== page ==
Esports: Sports Continue to Play On

Due to the shutdown put in place to slow the spread of COVID-19, sports have come to a screeching halt in the world, but not at Montour School District. As social distancing guidelines remain in place, Montour’s Esports team continued to practice safe social distancing through virtual Esports, and the first year team made it this spring to the North America Scholastic Esports Federation (NASEF) playoffs. In fact, it was the only team to participate this spring in sports, and it created some much needed excitement for the district.

Innovation Starts and Ends with People

As educators, we get the opportunity everyday to listen and support the most creative and curious people in the world, our students. When a group of students approached Nicole Kashmer, English Teacher at Montour High School, to sponsor an esports club; she listened. For Nicole, the decision to be innovative was personal and professional. Nicole reflected, “As a mom, that didn’t allow video games to be played until my son went outside for exercise … and as a teacher that stayed abreast of the articles saying that there were benefits to gaming in the classroom … it wasn’t until my son built his first computer that it all clicked for me.”

Through her personal and professional experience, Nicole knew that supporting an esports program at Montour, with support from a 2020 PAsmart Targeted Grant to support diversity, equity, and inclusion, was no longer a personal interest, but her professional duty as an educator to do what is best for children. “During our first match, I watched as a handful of students worked together and had non stop ‘chatter’ in order to win. I truly had not felt so good about something in a long time,” said Nicole.

Creating a Learning Culture

When Nicole expressed her excitement to Todd Price, principal at Montour High School, he listened and supported her and the students and together helped start an official esports program at Montour High School. Todd explains, “This student-led initiative has created great enthusiasm within our student body. I can’t thank those students enough who have taken us on this journey. Their efforts have helped to bring together and connect students to their school community in a way that I never would have imagined possible.”

Montour’s esports coach and technology support specialist, Aidan Mulvihill, believes esports is an avenue for students to learn collaboration and STEM and computer skills through a comfortable and positive social atmosphere. Furthermore, he believes this program will give students the opportunity to collaborate with players from around the country who share similar interests creating lasting connections.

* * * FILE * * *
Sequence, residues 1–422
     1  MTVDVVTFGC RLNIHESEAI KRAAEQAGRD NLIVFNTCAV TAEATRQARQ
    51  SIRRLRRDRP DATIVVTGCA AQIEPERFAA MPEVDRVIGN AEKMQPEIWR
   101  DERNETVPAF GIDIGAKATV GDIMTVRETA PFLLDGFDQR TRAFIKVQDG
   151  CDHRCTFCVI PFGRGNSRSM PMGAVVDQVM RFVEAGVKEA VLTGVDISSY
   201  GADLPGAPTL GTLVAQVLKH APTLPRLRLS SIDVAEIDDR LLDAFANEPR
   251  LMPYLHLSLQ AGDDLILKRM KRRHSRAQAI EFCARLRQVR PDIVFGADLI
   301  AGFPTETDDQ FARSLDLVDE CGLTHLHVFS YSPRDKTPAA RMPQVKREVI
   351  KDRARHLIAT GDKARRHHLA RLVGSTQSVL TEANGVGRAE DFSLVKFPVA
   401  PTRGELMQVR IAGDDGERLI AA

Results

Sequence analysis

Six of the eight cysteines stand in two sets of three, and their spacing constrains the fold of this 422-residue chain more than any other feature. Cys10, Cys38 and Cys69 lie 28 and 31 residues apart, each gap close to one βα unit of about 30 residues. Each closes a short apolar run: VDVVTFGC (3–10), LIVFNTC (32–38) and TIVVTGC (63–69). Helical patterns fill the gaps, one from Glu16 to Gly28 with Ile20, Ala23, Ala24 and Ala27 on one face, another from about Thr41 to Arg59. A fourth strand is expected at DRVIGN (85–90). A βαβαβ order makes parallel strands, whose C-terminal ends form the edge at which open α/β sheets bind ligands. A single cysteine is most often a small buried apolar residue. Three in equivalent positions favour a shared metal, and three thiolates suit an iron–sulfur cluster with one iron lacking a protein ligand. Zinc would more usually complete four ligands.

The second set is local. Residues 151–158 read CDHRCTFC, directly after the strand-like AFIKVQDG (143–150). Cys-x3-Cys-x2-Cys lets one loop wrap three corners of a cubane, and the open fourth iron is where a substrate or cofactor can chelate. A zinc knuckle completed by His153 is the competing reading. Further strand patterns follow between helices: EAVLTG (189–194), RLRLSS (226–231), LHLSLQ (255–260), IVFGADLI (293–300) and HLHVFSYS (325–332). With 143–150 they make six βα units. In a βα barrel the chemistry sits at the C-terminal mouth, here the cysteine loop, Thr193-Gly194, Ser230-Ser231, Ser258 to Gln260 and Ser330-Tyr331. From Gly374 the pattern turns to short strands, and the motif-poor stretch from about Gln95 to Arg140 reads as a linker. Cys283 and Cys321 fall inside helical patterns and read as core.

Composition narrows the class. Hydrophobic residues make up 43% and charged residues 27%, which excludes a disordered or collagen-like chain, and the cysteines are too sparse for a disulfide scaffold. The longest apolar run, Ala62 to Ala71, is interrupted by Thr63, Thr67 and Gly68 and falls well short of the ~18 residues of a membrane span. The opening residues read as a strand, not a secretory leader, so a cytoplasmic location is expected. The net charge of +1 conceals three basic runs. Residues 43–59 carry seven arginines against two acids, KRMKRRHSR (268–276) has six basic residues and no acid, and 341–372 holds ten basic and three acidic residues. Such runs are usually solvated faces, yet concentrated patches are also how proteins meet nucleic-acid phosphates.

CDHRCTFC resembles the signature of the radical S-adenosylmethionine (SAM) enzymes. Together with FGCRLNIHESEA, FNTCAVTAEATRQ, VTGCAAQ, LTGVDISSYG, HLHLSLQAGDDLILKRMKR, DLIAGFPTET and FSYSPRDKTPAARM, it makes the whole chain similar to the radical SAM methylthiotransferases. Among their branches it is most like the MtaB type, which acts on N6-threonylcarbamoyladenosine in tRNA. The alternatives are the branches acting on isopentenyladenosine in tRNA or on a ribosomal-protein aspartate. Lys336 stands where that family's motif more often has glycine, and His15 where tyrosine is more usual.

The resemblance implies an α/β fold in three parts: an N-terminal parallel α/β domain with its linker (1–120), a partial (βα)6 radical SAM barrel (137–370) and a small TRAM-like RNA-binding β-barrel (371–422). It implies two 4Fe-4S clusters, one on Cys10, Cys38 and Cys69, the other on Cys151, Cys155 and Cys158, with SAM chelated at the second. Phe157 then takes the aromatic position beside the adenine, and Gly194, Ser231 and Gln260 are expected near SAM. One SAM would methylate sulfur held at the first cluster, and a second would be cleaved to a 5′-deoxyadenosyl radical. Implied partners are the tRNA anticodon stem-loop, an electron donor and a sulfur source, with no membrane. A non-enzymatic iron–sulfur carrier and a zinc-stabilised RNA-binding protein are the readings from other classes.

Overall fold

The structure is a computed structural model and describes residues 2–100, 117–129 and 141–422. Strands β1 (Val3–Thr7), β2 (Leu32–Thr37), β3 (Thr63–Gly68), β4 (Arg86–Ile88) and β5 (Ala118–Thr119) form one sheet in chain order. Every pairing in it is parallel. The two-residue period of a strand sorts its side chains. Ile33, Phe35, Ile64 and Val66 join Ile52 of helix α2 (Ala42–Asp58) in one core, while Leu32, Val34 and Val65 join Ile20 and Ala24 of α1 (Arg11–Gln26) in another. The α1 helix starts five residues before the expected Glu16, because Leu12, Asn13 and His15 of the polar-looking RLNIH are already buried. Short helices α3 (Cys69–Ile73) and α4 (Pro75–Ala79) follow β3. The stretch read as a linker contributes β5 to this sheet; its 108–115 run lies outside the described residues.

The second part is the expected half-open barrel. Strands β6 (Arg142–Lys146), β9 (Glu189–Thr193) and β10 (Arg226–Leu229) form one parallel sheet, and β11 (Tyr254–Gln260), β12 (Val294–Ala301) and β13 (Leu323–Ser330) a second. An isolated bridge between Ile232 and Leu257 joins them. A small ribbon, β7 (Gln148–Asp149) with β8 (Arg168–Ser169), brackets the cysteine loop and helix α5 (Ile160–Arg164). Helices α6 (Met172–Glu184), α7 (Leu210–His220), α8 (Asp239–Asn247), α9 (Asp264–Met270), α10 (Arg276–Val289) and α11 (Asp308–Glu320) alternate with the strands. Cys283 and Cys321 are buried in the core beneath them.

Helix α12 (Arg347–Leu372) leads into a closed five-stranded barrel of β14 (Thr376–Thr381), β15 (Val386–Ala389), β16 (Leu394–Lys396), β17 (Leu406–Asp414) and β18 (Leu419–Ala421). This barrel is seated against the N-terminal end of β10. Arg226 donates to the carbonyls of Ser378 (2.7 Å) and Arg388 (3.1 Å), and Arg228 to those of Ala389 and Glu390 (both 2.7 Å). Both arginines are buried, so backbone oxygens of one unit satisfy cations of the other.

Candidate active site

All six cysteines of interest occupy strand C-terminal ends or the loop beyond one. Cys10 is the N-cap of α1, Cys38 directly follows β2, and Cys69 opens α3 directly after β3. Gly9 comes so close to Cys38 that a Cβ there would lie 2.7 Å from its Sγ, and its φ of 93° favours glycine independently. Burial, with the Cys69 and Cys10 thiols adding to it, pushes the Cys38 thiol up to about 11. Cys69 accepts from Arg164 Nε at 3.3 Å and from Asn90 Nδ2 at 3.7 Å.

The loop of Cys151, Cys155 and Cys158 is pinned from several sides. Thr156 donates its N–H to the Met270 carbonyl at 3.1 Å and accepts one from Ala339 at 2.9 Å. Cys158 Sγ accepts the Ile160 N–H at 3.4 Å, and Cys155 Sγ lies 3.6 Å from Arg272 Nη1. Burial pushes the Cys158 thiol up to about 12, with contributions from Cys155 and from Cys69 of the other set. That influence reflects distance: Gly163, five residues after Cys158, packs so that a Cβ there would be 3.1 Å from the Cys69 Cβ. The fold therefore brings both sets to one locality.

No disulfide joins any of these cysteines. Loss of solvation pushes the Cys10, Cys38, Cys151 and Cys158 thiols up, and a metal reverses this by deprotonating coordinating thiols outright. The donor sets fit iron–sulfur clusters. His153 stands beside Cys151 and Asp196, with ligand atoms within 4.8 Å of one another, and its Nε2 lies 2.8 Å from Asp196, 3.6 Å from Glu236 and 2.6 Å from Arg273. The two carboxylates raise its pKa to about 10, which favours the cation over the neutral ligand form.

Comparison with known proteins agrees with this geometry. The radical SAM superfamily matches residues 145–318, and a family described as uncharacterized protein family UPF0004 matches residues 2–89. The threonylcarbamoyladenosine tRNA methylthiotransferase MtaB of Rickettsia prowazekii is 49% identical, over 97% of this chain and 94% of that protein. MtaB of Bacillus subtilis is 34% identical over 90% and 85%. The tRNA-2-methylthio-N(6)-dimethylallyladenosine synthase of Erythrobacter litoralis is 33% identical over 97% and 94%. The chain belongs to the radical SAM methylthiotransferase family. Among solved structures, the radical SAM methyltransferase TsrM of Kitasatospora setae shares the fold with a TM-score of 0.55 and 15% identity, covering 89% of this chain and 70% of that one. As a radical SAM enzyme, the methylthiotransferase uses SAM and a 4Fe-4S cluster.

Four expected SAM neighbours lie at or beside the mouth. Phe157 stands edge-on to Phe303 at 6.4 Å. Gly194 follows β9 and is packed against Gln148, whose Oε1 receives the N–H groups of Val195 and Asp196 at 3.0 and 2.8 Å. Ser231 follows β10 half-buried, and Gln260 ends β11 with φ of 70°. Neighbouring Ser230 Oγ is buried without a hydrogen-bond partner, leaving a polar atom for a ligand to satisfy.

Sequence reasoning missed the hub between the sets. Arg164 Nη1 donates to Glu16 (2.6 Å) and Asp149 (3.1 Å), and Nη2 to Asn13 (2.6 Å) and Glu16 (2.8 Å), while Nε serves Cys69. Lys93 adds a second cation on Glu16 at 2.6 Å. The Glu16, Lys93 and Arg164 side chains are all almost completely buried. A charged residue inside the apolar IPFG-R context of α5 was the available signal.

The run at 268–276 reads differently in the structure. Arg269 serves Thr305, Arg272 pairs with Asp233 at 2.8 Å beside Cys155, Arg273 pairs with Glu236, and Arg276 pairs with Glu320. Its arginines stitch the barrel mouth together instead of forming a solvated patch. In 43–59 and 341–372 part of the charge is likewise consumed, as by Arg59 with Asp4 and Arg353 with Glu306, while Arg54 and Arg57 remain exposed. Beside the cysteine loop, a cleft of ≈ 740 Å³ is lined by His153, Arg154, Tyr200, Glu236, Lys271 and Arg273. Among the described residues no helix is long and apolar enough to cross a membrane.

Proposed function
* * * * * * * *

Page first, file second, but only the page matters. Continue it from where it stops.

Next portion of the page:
Putting Children First

For the students at Montour High School, “Video games have been something that we have always played for fun with our friends. Now we have an opportunity to turn it into something more than video games … esports. This is going to be an organization that allows for different types of students to build relationships and learn important STEM and computer skills while also competing in this common interest that was never available to us before,” John K. and Josh N., Montour High School students.

When students return back to school in the future, they will be welcomed back to a state-of-the art esports arena that includes a 280-square-foot video wall, 5v5 gaming stations, coaching station, gaming chairs, and more.

According to Business Insider, esports viewership is estimated to increase between 2019 and 2023, from 454 million in 2019 to 646 million in 2023, and most projections put esports on track to surpass $1 billion in revenue for the first time in 2020, making esports no longer just a ‘game.’ The bottom line, esports is now a viable career and social pathway option for students because of its relevance and meaningful nature to students’ lives.

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Justin Aglio

Dr. Justin Aglio is the founding senior director for the Readiness Institute at Penn State. In addition to his duties at Penn State, he is a visiting LearnLab fellow at Carnegie Mellon University, Getting Smart columnist, and a member of the Remake Learning network.

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